Solar energy and hydrogen are becoming more closely mingled
A new study from the Joint Center for Artificial Photosynthesis aims to shed some light on the issue of photoelectrochemical hydrogen production. This process involves the use of solar energy to produce hydrogen, which can be used by fuel cells to generate electrical power. Current hydrogen production methods are energy intensive, consuming a significant amount of fossil-fuels that produce harmful emissions. By using solar power, the hydrogen production process can be make more environmentally friendly and efficient. The problem is, however, that the production process itself requires a large amount of electrical power that only fossil-fuels have managed to effectively provide.
Large-scale production of hydrogen is becoming more important
Large-scale production of hydrogen fuel is currently one of the more problematic issues that the clean energy world faces. A new generation of vehicles are set to launch in the coming years and these vehicles will rely on hydrogen as their primary power source. Fuel cells are also becoming more common in the residential sector and various industrial sectors. Without effective hydrogen production methods, these fuel cells will have limited value. Artificial photosynthesis may be the solution to this problem.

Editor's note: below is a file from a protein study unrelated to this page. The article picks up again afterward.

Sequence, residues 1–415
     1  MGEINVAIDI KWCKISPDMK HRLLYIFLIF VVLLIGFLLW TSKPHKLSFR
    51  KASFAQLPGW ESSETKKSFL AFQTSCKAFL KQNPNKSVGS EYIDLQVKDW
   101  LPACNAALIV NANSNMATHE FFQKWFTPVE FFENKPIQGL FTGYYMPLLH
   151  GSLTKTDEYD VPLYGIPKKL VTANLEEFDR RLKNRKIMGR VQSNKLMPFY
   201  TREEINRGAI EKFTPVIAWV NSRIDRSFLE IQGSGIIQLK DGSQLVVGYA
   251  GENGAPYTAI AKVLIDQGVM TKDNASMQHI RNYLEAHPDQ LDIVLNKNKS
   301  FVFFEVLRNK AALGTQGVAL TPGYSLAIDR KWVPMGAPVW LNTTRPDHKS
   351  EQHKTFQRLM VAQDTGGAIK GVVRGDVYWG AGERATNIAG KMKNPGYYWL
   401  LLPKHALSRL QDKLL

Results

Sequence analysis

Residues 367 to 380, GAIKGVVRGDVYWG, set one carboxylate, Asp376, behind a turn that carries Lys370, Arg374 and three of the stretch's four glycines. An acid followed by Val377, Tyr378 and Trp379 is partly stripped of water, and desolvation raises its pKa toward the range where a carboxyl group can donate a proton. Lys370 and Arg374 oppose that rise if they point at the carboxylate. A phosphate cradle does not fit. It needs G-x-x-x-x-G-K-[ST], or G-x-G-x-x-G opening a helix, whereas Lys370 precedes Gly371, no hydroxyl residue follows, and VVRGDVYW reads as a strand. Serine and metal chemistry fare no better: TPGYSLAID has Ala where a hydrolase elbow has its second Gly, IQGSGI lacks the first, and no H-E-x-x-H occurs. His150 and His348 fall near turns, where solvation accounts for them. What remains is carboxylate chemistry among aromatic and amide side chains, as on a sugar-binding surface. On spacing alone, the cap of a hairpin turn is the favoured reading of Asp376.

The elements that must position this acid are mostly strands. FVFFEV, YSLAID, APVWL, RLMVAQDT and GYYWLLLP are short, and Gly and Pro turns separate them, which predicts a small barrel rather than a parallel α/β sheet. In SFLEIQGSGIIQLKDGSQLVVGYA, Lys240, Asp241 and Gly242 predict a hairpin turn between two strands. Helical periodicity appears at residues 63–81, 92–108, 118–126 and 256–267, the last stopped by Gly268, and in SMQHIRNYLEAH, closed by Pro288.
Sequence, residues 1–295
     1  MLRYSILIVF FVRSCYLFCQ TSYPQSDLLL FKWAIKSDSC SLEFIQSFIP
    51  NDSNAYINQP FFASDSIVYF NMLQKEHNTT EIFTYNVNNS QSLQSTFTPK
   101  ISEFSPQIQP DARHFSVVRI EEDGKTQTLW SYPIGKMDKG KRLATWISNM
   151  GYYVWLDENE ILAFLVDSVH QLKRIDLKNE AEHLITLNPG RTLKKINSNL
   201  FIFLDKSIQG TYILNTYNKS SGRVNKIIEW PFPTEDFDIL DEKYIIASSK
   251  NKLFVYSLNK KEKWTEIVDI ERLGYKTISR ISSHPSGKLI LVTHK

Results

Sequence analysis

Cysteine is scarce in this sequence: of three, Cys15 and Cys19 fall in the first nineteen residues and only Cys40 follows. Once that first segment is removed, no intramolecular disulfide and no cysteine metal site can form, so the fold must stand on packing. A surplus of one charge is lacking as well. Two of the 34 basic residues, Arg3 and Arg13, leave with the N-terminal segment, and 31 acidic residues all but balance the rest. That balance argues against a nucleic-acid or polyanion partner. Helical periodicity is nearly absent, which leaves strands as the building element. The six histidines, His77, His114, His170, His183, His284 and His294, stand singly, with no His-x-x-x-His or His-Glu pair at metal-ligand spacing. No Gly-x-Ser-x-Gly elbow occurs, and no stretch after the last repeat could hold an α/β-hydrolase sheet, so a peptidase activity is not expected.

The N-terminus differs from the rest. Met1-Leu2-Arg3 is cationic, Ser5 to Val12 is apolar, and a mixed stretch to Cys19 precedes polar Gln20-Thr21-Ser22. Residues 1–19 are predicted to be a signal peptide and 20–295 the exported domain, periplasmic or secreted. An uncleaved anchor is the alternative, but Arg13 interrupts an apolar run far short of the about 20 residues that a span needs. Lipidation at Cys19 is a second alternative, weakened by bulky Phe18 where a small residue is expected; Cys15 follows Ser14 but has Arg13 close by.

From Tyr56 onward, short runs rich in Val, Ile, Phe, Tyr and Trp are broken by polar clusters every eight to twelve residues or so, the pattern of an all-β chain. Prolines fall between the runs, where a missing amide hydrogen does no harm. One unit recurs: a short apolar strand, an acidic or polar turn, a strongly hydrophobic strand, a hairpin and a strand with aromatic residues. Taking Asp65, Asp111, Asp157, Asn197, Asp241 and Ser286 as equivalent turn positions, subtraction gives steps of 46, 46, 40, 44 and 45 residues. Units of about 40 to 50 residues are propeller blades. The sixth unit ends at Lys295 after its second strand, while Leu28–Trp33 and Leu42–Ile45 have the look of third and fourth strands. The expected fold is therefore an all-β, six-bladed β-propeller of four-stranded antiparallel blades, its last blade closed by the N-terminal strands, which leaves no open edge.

Solar power may help resolve the production problem
The study aims to assess the energy balance of large-scale hydrogen production and attempts to determine whether artificial photosynthesis can be considered a viable way to generate hydrogen fuel. For the study, researchers devised a solar-hydrogen energy model simulation, through which they examined the potential of a photoelectrochemical cell. The cell used solar energy to generate hydrogen. This hydrogen could be stored or siphoned off by another fuel cell to generate electrical power.
Solar-to-hydrogen system could have a greater energy return than more conventional energy systems
Through the study, researchers found that there must be a balance when it comes to energy production through hybrid clean technology. Researchers estimate that if a photoelectrochemical cell can have a solar-to-hydrogen efficiency of 20%, and the cell itself has a lifespan of 20 years, the energy system will have a positive energy payback within the first three years of its operation.